Over-stimulation of the light-sensitive cells results in an extended recovery-time; this and may-be some sort of nerve- and/or brain-function gives rise to an after-image. If you direct your gaze at this moment to a neutral dark background, the image of the page persists for a while. In other words, great contrast has the same effect as over-stimulation. The amazing thing is, that the after-image of a brighly coloured object appears in its complementary colour. When somebody reports having seen an aura, he may well have been confused by an after-image . . .

Visual perception: the optic nerve

By now we have made a first tentative step away from the eye as such to the brain and the tentacles of the brain: the nerves. Here again we encounter an anomaly. When the originating stimulus is fainter, nerve-impulses travel slower than the usual 30 meters per second and take longer before being recorded in the brain. When we observe a moving object with both eyes, one of which is covered by dark sun-glasses, we sometimes see two identical objects chasing each other. Another and easier way of observing a manifestation of this phenomenon is to stand at the end of a street the moment the street-lighting is switched on. It looks as if the street-lamps are switched on one after the other, away from us. An observer at the other end of the street will see exactly the same thing from his perspective however.

Visual perception: the cortex

What is the cortex to make of this jumble of disjointed and sometimes misleading information it is presented with? That the neurons in the visual cortex do correspond topographically to the cells in the retina is of little help. Unless we assume the existence of a small little man in the brain, a homunculus, that sees for us. And who does the seeing for this homunculus? Another even smaller homunculus? And where does this end?

As we have seen, a little pre-processing takes place in the eye itself, but this is not enough by far. It is up to the visual cortex to present us with a stable and reliable picture of the world around us. Hardly surprising that things tend to go awry occasionally.

Stability at the cost of reliability?

One of the factors that contribute to a stable image is size constancy. When we hold our hand at 30 cm from our eye and then move it away from us to 60 cm, subjectively nothing changes. Objectively however the image on the retina is halved in size. "Something" tells us that we are observing the same hand however, and the mental image remains unchanged. As we perform this feat without consciously attending to it, this "something" may be either of two things: proprioception or stereo-vision.

Proprioceptors are pressure-sensitive cells in our joints and tissue that keep us posted as to the relative position of the various parts of our body. Stereo-vision, properly speaking, takes place only up to about 3 meters as it apparently depends primarily on comparison of the slightly different images our two eyes receive. But it may well be a combination of proprioception and stereo-vision that is responsible for the apparent stability. This would be a nice example of how we sometimes confirm the veracity of the information derived from one sense-modality by having it checked out by another: it is hard to resist stroking velvet when seeing velvet.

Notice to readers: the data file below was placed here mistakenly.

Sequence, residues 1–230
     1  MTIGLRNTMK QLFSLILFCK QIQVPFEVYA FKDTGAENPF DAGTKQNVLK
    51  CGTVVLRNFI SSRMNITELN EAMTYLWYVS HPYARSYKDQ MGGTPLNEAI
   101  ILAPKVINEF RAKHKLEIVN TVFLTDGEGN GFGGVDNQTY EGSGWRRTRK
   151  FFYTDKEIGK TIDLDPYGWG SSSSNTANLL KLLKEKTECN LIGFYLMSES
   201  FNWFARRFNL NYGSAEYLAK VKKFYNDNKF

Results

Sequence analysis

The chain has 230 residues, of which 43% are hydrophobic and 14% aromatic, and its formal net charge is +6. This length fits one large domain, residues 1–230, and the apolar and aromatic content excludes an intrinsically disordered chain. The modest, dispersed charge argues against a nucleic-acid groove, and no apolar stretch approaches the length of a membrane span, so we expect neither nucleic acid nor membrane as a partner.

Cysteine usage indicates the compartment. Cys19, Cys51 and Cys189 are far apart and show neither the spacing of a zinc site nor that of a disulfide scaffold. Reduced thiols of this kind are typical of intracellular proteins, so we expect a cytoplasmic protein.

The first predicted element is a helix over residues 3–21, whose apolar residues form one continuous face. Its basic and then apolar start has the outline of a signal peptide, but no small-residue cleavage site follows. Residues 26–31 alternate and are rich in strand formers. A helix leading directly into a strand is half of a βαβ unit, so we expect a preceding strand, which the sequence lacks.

And if confirmation is not forthcoming we get pretty confused.

< < fig 5

Fold a strip of paper as shown in fig 5 and fix your gaze, one eye closed, on the central raised rib of the W. That the strip suddenly tilts to stand upright like a screen is one thing, though rather disconcerting. But now experience some real unease by holding the strip by the outer flaps, slightly rotating it . . .

Similarly, when we are viewing people in a classroom, they do not range from giants to dwarfs, though the size of their images on the retina can go through this whole range. Apparently we are taking into account the actual distances, and compensate for it. But clues to actual distance are derived from the surroundings. When we disregard these clues, for example through fatigue or through attending to inner imagery, an object or a person can suddenly diminish in size. Or rather: we perceive this as a retreating into the background, showing how closely for us size and distance are interrelated.

The same mechanism is responsible for the fact that we get the illusion of the setting sun being larger-than-life by using the horizon as a yardstick: we tend to enlarge objects artificially when we "know" that they are far away. The illusion disappears when we "remove" the horizon by looking at the sun through a pin-hole in a piece of cardboard. Or when we take a photograph!